Step five: Create money harmony within your family

Your relationship with your significant other

Learning how to talk about money with your significant other will go a long way in establishing financial security. Make a date out of your money conversations, which we recommend having at least once a quarter. Consider enjoying chocolate or wine at the end of your discussion as a reward for making the conversation a priority. Celebrate your wins!

If you’ve never talked about money with your partner before, start by discussing step one — your money beliefs — and what your experience with money was growing up.

Evaluate what budget line items you both value spending money on. These could include education, relationships, travel, etc. It’s important to come together on common values that you can both save for. This makes saving become more meaningful!

Know your role in your relationship with your significant other 

In most relationships, one person serves as the money manager. This person knows the details, while the non-money manager might only know an overview. Both people should have access to bank accounts and understand how the bills are paid. This ensures that if the money manager should become ill or unable to handle the money, the non-money manager can step up and take over. If you are the money manager in your relationship, keep passwords written down in a safe place, and take notes on how you pay the bills.

Your relationships with your kids

Just as your parents played a role in how you view money, you now have a big part in the money story that your children will grow up with. Be careful with the language that you use about money, and involve your children in financial conversations. Talk about the activities you’d like to do as a family, and how everyone can work together to save up. Teach your kids to think strategically and empower them by getting them involved with purchases. Let them experience consequences of mistakes while they still have the safety net of being under your care. This ultimately will build their money confidence!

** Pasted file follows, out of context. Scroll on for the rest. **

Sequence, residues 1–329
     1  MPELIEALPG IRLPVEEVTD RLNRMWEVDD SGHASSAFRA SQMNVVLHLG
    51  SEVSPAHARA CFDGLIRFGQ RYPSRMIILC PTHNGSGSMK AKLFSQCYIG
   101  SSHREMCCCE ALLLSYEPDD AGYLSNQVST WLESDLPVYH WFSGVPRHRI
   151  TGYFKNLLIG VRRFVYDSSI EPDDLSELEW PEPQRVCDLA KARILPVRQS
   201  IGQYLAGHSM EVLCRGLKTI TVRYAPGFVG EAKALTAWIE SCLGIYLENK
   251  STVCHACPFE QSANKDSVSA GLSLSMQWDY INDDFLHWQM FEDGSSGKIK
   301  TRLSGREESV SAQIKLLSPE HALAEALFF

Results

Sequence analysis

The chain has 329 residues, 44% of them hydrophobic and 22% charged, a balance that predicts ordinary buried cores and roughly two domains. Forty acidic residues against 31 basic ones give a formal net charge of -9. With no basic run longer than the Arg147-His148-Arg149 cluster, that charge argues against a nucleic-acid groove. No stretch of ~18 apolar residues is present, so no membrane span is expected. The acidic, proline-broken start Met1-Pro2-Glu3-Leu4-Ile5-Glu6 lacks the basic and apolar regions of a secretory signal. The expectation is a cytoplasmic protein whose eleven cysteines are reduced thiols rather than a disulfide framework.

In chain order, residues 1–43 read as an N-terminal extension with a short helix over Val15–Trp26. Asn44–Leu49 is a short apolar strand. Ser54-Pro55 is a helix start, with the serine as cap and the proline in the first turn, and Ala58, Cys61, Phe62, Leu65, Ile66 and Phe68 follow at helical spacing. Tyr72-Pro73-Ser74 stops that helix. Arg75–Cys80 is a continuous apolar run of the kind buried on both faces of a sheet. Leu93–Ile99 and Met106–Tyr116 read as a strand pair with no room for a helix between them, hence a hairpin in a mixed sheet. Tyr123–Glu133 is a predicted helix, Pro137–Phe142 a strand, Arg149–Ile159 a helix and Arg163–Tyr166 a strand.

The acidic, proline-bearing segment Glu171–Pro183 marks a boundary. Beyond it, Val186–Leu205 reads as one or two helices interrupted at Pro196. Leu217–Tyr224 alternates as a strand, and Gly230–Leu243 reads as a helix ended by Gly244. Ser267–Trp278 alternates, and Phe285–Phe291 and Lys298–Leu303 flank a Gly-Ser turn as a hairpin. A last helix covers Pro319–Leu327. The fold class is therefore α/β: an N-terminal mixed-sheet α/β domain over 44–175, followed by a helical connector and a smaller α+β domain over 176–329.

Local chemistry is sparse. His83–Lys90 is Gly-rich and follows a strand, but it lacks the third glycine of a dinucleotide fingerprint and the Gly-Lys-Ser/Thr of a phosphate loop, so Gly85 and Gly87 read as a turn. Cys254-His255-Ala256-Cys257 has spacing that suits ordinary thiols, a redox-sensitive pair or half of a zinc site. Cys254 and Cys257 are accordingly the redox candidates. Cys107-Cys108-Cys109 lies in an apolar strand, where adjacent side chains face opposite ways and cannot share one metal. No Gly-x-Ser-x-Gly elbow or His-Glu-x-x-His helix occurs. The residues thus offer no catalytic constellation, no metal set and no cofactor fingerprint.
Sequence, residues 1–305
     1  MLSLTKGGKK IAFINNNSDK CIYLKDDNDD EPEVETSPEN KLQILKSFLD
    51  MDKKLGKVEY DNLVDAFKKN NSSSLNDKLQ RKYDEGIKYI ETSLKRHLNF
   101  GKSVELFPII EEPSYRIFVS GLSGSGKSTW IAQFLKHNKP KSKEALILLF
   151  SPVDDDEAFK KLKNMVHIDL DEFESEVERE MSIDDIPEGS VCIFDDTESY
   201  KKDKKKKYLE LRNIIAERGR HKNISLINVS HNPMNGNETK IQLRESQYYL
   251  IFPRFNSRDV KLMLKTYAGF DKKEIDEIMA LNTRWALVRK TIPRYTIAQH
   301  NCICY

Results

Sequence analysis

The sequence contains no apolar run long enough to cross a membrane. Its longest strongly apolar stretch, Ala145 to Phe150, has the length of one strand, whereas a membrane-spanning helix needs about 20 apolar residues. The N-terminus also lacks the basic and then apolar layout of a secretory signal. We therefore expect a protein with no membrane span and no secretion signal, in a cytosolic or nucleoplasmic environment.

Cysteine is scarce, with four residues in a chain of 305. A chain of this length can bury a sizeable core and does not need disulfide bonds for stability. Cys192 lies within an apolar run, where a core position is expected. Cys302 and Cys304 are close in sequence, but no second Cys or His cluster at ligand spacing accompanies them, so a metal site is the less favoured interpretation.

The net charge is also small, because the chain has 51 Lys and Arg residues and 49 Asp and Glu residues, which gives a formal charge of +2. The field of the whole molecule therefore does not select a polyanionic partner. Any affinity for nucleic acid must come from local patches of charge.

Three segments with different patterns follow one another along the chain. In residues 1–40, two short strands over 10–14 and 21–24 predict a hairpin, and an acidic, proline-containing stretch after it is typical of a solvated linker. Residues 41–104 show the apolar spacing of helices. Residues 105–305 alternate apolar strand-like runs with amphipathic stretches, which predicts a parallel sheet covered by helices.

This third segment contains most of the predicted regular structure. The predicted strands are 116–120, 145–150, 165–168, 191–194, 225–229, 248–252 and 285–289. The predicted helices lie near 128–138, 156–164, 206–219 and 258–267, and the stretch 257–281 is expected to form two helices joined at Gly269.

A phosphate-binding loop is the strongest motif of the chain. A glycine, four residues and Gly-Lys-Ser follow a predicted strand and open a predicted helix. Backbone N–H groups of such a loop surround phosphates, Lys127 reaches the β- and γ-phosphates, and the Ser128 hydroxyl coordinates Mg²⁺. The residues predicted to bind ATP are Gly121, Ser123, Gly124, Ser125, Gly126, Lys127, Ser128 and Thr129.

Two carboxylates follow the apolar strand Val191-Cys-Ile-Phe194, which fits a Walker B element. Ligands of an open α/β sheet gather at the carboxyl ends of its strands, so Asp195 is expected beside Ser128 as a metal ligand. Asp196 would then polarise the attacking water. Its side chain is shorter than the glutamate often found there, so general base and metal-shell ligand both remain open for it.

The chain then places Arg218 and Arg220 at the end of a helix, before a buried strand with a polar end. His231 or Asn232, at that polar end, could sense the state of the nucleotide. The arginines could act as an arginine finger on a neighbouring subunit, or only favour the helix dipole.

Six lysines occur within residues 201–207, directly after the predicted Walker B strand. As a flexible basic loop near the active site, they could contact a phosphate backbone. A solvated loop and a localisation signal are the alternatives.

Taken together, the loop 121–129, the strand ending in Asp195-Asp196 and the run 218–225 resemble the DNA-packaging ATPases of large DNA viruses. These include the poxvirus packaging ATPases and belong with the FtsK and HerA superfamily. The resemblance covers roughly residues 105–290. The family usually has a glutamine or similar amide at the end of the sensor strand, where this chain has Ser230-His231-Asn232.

Your relationships with your parents

Don’t forget to also talk to your aging parents about money. Make sure everyone is on the same page with how your parents’ money will be handled if they’re ever in a position to not be their own money managers.

You’ve now learned the five steps towards creating financial stability! If these steps seem overwhelming, remember that financial stability is a lifelong process. You won’t master all five steps in a day, week, or even month! Focus on completing each step fully, and then move on to the next. We encourage you to celebrate your victories, no matter how small they seem. You’re on your way to becoming a money master!

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Thank you for your interest in learning "How to Talk to Your Partner About Money." You can download the guide here. We hope you find the information helpful and look forward to speaking with you soon.